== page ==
They conducted extensive research to determine which data sets were most critical in identifying “at-risk” students in order to optimize their retention numbers. Those findings, which include board scores, gender, high school GPA, mid-term grades for both fall and spring semesters, financial aid status, and attempted hours versus completed hours, were then used to build the scoring model.
“Predictive analytics allows us to determine more accurately who those students are. In addition, the predictive analytics results help staff examine and validate their findings, so they can ensure they are focusing their efforts on the right students.”
Some pre-deployment simulations are showing accuracy rates as high as 86 percent. And we will continue to refine the model as we go along, to boost precision even further. Once the model is deployed, we anticipate the return on investment will be significant,” he continues. “If the product helps us to save just one or two students, it will pay for itself.”
Predictive Analytics in Health Care Predictive Analysis Improves Patient Outcomes in Health Care
By looking at data and outcomes of past patients, predictive analytics algorithms can be used to provide insights into methods of treatment that will work best for the current patient population. One example of using predictive analytics is the application of blood tests. Predictive analytics allow medical professionals to assess how a patient responds to treatment months earlier than previously available using standard imaging scans. As a result, predictive analytics will enable providers to use a course of treatment sooner if the current is not working, saving patients from months of ineffective and sometimes painful treatments. This improves the quality of patient care, saves on health care costs, and increases reimbursements to the provider.
Predictive Analytics in Manufacturing Preventing Machine Malfunctions and Lowering Scrap Costs Using Predictive Analytics
A key benefit to using predictive analytics in manufacturing is to optimize operations, prevent equipment malfunctions, reduce shop floor downtime, and lower scrap costs. Predictive analytics is a commonly used technique of training algorithms using historical data to accurately predict when a piece of equipment will likely malfunction. When the algorithm identifies a potential malfunction on a particular machine, it can notify the shop floor in real-time to shut down the machine and perform proactive maintenance to address the issue. As a result, predictive analytics can save the company millions of dollars in damaged products and reduce product returns due to poor quality and repair costs.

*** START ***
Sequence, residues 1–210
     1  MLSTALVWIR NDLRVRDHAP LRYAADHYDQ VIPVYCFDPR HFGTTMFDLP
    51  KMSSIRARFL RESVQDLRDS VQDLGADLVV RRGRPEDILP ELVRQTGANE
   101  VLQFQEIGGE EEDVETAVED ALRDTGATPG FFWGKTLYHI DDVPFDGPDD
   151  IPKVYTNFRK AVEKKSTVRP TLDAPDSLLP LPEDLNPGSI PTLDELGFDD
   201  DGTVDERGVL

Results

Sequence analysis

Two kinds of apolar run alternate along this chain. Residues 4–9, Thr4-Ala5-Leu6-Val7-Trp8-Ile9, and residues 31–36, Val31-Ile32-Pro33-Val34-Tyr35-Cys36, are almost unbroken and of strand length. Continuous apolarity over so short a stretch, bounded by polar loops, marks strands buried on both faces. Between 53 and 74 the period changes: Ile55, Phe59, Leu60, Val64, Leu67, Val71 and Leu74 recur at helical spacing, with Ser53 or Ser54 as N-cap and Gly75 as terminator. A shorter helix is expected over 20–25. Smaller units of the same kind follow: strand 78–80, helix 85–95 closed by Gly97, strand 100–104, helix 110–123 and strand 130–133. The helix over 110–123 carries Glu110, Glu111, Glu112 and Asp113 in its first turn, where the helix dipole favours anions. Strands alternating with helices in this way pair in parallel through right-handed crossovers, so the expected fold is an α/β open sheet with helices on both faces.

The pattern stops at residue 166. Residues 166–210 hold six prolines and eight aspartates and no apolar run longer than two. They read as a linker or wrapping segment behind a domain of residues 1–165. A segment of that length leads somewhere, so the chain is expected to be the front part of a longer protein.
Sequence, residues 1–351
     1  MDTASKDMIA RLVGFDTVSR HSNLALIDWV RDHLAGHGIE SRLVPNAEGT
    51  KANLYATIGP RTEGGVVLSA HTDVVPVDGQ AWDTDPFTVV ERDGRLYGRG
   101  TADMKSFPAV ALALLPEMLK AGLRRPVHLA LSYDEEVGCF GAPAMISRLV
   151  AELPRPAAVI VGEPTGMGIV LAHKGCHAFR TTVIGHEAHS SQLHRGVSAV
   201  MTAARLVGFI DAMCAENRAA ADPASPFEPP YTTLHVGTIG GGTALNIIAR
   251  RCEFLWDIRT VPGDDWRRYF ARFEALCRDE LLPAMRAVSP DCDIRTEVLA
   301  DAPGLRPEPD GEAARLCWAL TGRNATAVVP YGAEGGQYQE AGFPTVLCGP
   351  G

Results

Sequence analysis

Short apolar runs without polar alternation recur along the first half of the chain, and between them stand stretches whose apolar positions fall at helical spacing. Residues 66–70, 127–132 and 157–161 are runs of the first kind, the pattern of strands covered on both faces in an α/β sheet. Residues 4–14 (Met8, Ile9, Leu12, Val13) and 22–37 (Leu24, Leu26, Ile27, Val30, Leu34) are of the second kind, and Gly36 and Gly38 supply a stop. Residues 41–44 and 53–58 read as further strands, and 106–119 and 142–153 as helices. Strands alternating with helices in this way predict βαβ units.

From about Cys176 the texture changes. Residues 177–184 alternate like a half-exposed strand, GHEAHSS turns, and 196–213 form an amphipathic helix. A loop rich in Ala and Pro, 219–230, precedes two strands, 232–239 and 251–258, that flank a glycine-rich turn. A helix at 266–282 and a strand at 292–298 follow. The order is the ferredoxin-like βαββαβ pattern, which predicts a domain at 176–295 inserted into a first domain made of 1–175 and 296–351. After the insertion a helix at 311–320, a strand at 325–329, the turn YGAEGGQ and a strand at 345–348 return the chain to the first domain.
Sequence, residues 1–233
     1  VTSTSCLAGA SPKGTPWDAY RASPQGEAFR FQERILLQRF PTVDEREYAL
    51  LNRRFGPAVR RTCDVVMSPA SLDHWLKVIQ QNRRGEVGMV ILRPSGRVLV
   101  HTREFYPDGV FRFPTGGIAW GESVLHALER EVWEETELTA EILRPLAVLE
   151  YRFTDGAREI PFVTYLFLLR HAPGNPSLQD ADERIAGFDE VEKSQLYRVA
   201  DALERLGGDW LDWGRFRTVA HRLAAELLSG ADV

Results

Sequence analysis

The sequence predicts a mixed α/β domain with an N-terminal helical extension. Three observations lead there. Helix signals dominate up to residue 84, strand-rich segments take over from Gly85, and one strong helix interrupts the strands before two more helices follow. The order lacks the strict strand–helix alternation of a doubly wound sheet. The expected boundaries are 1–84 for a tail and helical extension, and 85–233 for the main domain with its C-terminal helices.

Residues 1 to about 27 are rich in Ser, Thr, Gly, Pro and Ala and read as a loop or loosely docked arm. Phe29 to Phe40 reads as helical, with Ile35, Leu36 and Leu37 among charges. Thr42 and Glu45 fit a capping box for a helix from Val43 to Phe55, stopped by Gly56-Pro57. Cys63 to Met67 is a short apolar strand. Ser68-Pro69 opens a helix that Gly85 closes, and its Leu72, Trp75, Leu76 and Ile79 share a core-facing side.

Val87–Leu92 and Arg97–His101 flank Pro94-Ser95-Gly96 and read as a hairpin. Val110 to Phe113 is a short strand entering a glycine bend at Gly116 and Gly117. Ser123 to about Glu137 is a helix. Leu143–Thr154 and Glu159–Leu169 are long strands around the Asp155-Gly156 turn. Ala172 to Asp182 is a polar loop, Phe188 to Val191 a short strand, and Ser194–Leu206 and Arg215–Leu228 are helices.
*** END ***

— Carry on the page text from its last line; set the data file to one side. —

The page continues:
Examples of Predictive Analytics Tools
Predictive Analytics tools have been around since the late early 90s. Most of the popular BI vendors added predictive functionality to their technology platforms. SAS was one of the first companies that offered tools specifically designed for the analyst or data scientist, and currently owns 33% of the predictive analytics market. IBM’s SPSS product allows companies to use existing data to build predictive models in the SPSS visual workflow and model builder. Information Builders added RStat to their platform, which leveraged the R language to develop and deploy predictive models. Eventually most BI and analytics vendors offered PA tools as part of their product portfolio. All of these tools combine various data analysis features like Decision Trees, Text Analytics, Neural Networks, along with data mining, machine learning, and other techniques.
Developing a Predictive Analytics Process
Regardless of your industry, predictive analytics can improve overall decision-making with more accurate insights and metrics. There are several common predictive models and the types of questions they can best answer. Recent advancements in predictive modeling allow businesses to make better data-driven decisions, reducing potential risks and maximizing profits, making it a must-have in any data analytics strategy. The addition of automation, machine learning algorithms, and deep learning procedures are generating new sources of innovation like prescriptive analytics and AI-based solutions to help companies draw specific recommendations and suggest a course of action.